The way your company is structured greatly impacts its taxation. For instance, a sole proprietorship is taxed the same as an individual, while a corporation (a C-Corp) is taxed on its profits and then on the dividends paid to shareholders.
In a sole proprietorship,the owner and the company are the same. It is the business owner’s responsibility to pay estimated quarterly taxes to the federal and local governments. Tax preparation for sole proprietors is relatively easy, and the tax rates are lower.
Limited partnerships are established by companies such as real estate developers, film production companies, and law firms. Advantages include liability protection up to the amount of the investment for each of the company’s limited partners. The tax implication is that the company’s profits are “passed through” to the partners to report on their personal tax returns.
Limited Liability Company (LLC)
Forming an LLC enables business owners to “wall off” personal assets from judgments against a company. An LLC does not file corporate tax returns. Owners report profit — or loss — on their personal taxes.
The C-Corporation, or “C-Corp,” is a business structure that shields personal assets of directors and stockholders from judgments against a company. A C-Corp can issue stock and has perpetual existence after a founder or owner leaves or dies. Drawbacks of this business structure are that profits are taxed when earned and then taxed again when distributed as shareholders’ dividends. This is commonly known as “double taxation.”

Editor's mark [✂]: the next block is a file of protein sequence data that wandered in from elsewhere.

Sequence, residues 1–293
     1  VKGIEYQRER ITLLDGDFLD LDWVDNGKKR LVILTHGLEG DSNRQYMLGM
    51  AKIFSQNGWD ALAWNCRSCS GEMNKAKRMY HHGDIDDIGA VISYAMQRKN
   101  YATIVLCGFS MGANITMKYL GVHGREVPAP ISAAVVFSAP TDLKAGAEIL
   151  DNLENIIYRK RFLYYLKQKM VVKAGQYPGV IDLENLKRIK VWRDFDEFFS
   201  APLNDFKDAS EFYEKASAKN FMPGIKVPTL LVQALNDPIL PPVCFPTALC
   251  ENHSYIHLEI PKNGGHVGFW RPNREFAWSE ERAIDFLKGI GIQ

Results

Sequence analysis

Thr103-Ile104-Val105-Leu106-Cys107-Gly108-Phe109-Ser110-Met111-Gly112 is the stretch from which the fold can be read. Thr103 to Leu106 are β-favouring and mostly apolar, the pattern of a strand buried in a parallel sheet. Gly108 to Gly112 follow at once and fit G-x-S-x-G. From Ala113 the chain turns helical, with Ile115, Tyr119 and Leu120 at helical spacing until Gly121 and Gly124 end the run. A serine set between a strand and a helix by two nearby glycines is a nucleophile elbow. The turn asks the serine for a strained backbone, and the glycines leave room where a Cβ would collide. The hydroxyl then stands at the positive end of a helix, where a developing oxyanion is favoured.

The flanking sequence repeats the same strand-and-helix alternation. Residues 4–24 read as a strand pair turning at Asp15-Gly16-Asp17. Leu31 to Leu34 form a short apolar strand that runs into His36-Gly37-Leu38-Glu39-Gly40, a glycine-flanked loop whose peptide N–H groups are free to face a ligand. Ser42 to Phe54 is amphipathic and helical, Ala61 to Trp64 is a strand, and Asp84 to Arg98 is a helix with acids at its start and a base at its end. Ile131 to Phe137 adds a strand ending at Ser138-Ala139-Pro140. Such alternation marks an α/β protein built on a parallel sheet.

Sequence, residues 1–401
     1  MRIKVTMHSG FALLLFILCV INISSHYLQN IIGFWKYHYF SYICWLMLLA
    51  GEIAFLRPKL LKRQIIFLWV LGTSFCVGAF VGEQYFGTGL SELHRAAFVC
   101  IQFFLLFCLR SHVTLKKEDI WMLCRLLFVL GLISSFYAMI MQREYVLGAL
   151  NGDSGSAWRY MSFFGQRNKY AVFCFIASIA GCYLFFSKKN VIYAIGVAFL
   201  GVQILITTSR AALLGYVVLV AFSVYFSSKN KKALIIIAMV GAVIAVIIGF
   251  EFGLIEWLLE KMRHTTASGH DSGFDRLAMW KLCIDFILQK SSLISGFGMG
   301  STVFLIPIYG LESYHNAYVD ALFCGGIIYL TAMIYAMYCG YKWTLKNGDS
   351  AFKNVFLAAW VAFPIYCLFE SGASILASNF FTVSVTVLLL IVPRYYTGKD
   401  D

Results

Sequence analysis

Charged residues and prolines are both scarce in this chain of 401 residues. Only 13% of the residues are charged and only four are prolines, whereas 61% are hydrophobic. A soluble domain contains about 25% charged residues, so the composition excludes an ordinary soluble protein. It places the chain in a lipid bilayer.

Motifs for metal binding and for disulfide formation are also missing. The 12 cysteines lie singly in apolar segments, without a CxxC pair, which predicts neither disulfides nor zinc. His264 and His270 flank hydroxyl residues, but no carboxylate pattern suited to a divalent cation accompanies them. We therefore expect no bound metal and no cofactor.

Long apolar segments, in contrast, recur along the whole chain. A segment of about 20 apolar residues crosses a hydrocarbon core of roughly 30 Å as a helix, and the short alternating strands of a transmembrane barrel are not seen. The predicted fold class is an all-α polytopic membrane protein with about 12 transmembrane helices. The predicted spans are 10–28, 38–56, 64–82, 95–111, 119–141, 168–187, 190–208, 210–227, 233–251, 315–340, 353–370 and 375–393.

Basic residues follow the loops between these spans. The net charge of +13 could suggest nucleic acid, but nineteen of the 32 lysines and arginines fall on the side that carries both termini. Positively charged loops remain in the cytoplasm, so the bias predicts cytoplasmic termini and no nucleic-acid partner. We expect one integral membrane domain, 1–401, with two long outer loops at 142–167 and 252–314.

S-Corporations can eliminate the “double taxation” of corporate income and shareholder dividends associated with the C-Corporation tax status. Shareholders pay taxes according to their percentage of ownership of the business. If a company is a C-Corp, it must pay the corporate tax rate (around 34%). Then the remaining are distributed among three shareholders as dividends and taxed again at the federal dividend tax rate (about 15%).
The structure of your company impacts how much you will pay in taxes. Consult with an expert, such as a CPA or an attorney, to determine which is the right format for you. If you need cash at tax time to pay Uncle Sam, Biz2Credit can help.
John Schetelich A graduate of Seton Hall University with a degree in accounting, John Schetelich has been preparing income tax returns for small business owners for over 20 years.